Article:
7:11 Then Pharaoh also summoned wise men and sorcerers, 1 and the magicians 2 of Egypt by their secret arts 3 did the same thing. 7:12 Each man 4 threw down his staff, and the staffs became snakes. But Aaron’s staff swallowed up their staffs.
7:22 But the magicians of Egypt did the same 5 by their secret arts, and so 6 Pharaoh’s heart remained hard, 7 and he refused to listen to Moses and Aaron 8 – just as the Lord had predicted.
1 sn For information on this Egyptian material, see D. B. Redford, A Study of the Biblical Story of Joseph (VTSup), 203-4.
2 tn The חַרְטֻּמִּים (kharttummim) seem to have been the keepers of Egypt’s religious and magical texts, the sacred scribes.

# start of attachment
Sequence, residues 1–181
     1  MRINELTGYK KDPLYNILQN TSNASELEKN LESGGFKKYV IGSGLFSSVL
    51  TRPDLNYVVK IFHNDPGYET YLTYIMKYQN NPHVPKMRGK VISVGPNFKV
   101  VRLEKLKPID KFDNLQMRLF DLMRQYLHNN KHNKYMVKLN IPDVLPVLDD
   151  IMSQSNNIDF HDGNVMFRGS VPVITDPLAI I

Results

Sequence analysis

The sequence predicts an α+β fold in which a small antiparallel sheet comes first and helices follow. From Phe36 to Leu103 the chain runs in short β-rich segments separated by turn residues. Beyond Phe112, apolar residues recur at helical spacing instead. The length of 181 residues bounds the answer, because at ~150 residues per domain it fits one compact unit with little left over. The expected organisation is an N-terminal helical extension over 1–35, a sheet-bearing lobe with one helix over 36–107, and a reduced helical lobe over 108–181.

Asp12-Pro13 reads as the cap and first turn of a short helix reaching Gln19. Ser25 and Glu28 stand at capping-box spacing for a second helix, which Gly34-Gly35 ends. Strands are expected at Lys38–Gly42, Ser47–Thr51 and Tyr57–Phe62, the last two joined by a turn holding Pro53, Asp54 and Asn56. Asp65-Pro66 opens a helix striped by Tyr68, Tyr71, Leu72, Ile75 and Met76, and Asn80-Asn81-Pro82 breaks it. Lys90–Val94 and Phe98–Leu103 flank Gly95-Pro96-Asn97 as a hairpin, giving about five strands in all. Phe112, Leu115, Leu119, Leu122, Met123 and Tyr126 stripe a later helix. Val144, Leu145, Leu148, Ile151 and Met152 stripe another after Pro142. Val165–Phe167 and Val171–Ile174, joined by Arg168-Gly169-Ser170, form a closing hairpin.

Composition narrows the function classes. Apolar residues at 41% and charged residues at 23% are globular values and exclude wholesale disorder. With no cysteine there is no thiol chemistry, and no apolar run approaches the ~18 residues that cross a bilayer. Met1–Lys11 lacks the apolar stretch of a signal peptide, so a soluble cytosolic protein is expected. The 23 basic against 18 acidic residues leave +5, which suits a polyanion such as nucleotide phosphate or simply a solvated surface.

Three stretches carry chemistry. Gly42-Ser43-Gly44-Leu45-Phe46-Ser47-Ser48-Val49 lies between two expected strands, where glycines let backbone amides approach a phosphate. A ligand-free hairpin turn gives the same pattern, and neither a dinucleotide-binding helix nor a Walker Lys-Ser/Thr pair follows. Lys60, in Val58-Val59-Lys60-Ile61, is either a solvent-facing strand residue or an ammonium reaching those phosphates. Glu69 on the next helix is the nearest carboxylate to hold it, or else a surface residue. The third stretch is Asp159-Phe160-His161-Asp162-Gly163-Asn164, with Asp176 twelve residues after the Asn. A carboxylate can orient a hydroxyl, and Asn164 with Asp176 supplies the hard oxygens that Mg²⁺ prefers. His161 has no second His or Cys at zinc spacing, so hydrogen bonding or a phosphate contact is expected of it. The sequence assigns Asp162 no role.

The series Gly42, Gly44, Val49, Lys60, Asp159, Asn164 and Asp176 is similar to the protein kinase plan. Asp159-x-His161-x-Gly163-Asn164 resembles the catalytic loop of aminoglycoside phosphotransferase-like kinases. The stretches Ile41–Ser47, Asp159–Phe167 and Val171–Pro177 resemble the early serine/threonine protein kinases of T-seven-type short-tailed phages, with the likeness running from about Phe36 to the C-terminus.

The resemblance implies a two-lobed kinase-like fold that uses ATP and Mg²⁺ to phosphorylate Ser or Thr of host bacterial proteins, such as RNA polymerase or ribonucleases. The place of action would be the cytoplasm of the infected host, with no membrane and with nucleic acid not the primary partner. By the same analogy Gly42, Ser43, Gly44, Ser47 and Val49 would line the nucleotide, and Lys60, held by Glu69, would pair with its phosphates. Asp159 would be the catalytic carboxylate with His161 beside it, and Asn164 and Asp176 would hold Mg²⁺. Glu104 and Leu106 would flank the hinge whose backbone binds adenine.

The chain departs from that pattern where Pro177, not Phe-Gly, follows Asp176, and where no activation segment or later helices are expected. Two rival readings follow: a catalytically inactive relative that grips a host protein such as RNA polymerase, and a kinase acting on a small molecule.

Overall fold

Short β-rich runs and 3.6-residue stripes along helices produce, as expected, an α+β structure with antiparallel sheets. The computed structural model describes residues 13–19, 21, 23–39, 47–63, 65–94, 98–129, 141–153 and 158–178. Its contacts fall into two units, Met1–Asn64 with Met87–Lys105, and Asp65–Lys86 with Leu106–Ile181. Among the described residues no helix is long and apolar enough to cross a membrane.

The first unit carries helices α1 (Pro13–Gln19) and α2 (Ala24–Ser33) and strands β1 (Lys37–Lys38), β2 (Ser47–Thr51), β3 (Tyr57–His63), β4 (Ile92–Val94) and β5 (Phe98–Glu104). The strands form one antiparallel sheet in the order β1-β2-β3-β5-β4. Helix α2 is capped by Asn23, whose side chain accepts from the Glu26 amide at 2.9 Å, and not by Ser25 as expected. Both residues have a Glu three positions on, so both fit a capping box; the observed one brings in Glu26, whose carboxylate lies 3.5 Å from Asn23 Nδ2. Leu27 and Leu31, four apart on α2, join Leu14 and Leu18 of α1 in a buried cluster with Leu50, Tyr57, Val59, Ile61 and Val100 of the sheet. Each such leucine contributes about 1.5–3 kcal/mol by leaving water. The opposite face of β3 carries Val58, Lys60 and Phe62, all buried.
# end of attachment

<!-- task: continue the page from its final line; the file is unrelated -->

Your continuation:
3 tn The term בְּלַהֲטֵיהֶם (bÿlahatehem) means “by their secret arts”; it is from לוּט (lut, “to enwrap”). The Greek renders the word “by their magic”; Tg. Onq. uses “murmurings” and “whispers,” and other Jewish sources “dazzling display” or “demons” (see further B. Jacob, Exodus, 253-54). They may have done this by clever tricks, manipulation of the animals, or demonic power. Many have suggested that Aaron and the magicians were familiar with an old trick in which they could temporarily paralyze a serpent and then revive it. But here Aaron’s snake swallows up their snakes.
4 tn The verb is plural, but the subject is singular, “a man – his staff.” This noun can be given a distributive sense: “each man threw down his staff.”
5 tn Heb “thus, so.”
6 tn The vav consecutive on the preterite introduces the outcome or result of the matter – Pharaoh was hardened.
7 tn Heb “and the heart of Pharaoh became hard.” This phrase translates the Hebrew word חָזַק (khazaq; see S. R. Driver, Exodus, 53). In context this represents the continuation of a prior condition.
8 tn Heb “to them”; the referents (Moses and Aaron) have been specified in the translation for clarity.